You are on page 1of 17

USING ULTRASOUND FOR CLASS TYPE APPROVED TIGHTNESS TESTING OF HATCH COVERS AND PREDICTIVE MAINTENANCE OF SHIPBORNE MACHINERY.

Presentation at ACI 4th Optimising Ship Management Conference Rotterdam (The Netherlands) 2626-27/01/2011 By Walter Vervloesem & Tom Murphy SDT Inetrnational (Belgium)

What is ultrasound?
Sound at any frequency above 20kHz Typical operating range is 36-40kHz Use heterodyning to produce an audible signal from the ultrasound which I can not only listen to but analyse

How do I apply PdM?


Few people do more than pay lip service to their PdM programmes What percentage of your maintenance is driven by predictive data? When PdM conflicts with CMMS, who wins? Planned maintenance in this application is expensive, but PdM is cheap. Who wins? Predictive data, health data should be initiating and closing your maintenance activities the measurement cycle.

The measurement cycle

What can I find with ultrasound?


Friction Turbulence Impacts IF you have performed an FMEA and that shows up friction, turbulence or impacting as a potential defect characteristics, ultrasound should be the most important tool in your toolbox. Works in contact mode and airborne mode

Applications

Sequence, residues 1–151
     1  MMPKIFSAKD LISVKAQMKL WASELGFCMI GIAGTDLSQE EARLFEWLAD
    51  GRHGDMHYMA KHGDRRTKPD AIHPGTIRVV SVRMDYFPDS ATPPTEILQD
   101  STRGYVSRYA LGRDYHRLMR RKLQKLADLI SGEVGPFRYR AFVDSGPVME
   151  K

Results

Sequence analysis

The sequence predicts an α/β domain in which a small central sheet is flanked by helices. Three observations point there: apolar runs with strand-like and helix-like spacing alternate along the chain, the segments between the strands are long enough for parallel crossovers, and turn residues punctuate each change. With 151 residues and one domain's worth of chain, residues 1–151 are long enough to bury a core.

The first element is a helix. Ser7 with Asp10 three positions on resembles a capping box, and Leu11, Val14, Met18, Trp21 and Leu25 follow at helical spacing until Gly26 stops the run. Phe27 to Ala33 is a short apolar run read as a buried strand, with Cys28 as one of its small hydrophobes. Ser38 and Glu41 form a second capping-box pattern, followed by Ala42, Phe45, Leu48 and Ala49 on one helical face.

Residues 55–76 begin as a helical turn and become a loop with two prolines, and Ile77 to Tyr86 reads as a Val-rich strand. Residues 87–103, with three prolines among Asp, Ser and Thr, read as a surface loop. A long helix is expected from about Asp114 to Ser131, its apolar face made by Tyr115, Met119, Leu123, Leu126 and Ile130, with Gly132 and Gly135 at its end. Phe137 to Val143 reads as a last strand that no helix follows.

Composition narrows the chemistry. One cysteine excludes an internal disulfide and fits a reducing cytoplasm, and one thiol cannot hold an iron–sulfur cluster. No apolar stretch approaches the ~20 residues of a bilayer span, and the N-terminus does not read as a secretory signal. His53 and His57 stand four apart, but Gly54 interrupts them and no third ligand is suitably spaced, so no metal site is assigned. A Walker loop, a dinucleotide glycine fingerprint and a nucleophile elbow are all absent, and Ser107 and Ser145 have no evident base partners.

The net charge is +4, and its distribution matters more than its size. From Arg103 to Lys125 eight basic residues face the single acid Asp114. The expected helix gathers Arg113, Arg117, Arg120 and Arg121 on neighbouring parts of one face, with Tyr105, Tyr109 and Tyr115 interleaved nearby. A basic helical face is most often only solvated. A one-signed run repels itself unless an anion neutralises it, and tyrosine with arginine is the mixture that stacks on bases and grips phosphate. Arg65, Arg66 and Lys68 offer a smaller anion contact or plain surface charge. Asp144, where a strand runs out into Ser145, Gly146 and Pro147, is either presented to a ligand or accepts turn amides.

Steam systems leaks and traps Compressed air leaks Electrical systems defects that dont generate heat Hydraulic systems valve inspection, cylinder inspection On-condition lubrication Rotating and linear motion especially good for slowspeed bearings Many applications but always using the same tool

Policy of SDT International


Provide an ultrasonic solution for problems which can not be identified with existing techniques Enhance
failure finding defining rectifying action of existing problems with ultrasound.

Ultrasonic tightness testing tools


Using the best stethoscope does not make you the best doctor Correct diagnose of a problem requires: Right tool Training (advantages, testing techniques limitations and drawbacks should be fully understood, evaluation of results) Knowledge about the item to be tested (see IACS UR Z17 for service suppliers)

History of ultrasonic tightness testing on board ships


Tightness testing of vehicles (1980-1990) Trials on board ships & learning by trial and error (1990 2001) Class Type Approved equipment (2001) Requirements for service suppliers (IACS UR Z17) Preferred tightness testing technique by cargo interests and P&I clubs

Basic principles of ultrasonic testing


OHV = reference value Importance of leaks evaluated against OHV Readouts > 10% OHV indicate that too much compression is lost and will not allow the packing rubber to compensate for movements of the ship when in a seaway.

Difference between ultrasonic testing and hose testing


Hose tests give an indication of physical contact between rubber and compression bar/mating surface Ultrasonic tests give indication about the compression status of the sealing system Loss of contact loss of compression DEMO video/live demo

US tightness testing of hatch covers and predictive maintenance